18 March 2009

Some Kinda Druid Dudes Lifting the Veil

St. Patrick's Day has never been one of my favorite of holidays, to be honest. Not that I have anything really against the holiday itself... any excuse for a party, right? But for the longest time, I wasn't even sure what it was supposed to be celebrating, apart from cheesy decorations and drinking to excess, neither of which particularly appealed to me. One might think to take refuge from the modern debauch by focusing more on what the holiday is ostensibly supposed to be celebrating, but the truth is, there's nary a bit in the St. Patrick story worth celebrating. St. Patrick was a missionary, well-known in legend for having driven the snakes out of Ireland.

And by snakes, I mean the native Druids.

The effects of missionary creep can be tragic enough, but it was doubly so in the case of the Druids, because they left nothing behind. The Druids remain an intractable mystery, and that's a goddamned shame. That culture is gone. A whole culture, gone, and with hardly a trace remaining apart from a few peat bog mummies and a handful of Roman writings (a source of limited value, to be sure).

Which is not to say that the Druids were a bunch of saints (so to speak); that's not the point, though I'll note that the human sacrifice business is heavily disputed. That's the tragedy, that we don't know. We just don't know. Too often, when an oral tradition died, so did the memory of it. They survive as figures of legend, especially in Irish literature, but we don't know anything about them.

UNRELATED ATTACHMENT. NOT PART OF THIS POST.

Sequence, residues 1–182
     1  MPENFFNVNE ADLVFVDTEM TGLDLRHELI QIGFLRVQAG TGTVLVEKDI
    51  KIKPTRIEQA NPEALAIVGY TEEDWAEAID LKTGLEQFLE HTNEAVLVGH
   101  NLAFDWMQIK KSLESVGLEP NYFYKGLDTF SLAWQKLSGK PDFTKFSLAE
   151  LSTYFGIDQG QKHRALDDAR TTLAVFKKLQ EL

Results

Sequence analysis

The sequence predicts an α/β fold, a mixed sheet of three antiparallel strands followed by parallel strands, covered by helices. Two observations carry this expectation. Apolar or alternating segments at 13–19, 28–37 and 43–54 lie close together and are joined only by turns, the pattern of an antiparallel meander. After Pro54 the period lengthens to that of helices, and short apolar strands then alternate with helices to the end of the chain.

But I suppose it was worth it in the end. After all, Christianity in Ireland has worked out so well for everyone involved. And Patrick got to return to the island that kidnapped him with the ultimate revenge.

Therefore, this St. Patrick's Day, I wore green and black, to mark the holiday in solidarity with the Druids. And I didn't touch a drop of alcohol all day. Though that was more due to the fact that we're out of whiskey in the house...

I mean, solidarity.

3 comments:

Peregrine said...

I still have flashbacks of my 6th grade catechism teacher giving us a photocopy of St. Patrick on 8 1/2 x 17 demanding that every inch of the paper be coloured green, and no one would be aloud to leave until theirs was done.

And we couldn't just scribble over the page with green crayon, either. No! every intricate little detail had to be done in different shades of green.

Not to mention that we'd coloured that same picture at least 3 times a year for the past 6 years! And most of the time it wasn't even St. Patrick's Day!

And they wonder why I left.

Aaron Golas said...

Crazy. And it's even crazier because St Patrick's color was blue!

Peregrine said...

I wouldn't expect an elementary school teacher to know that.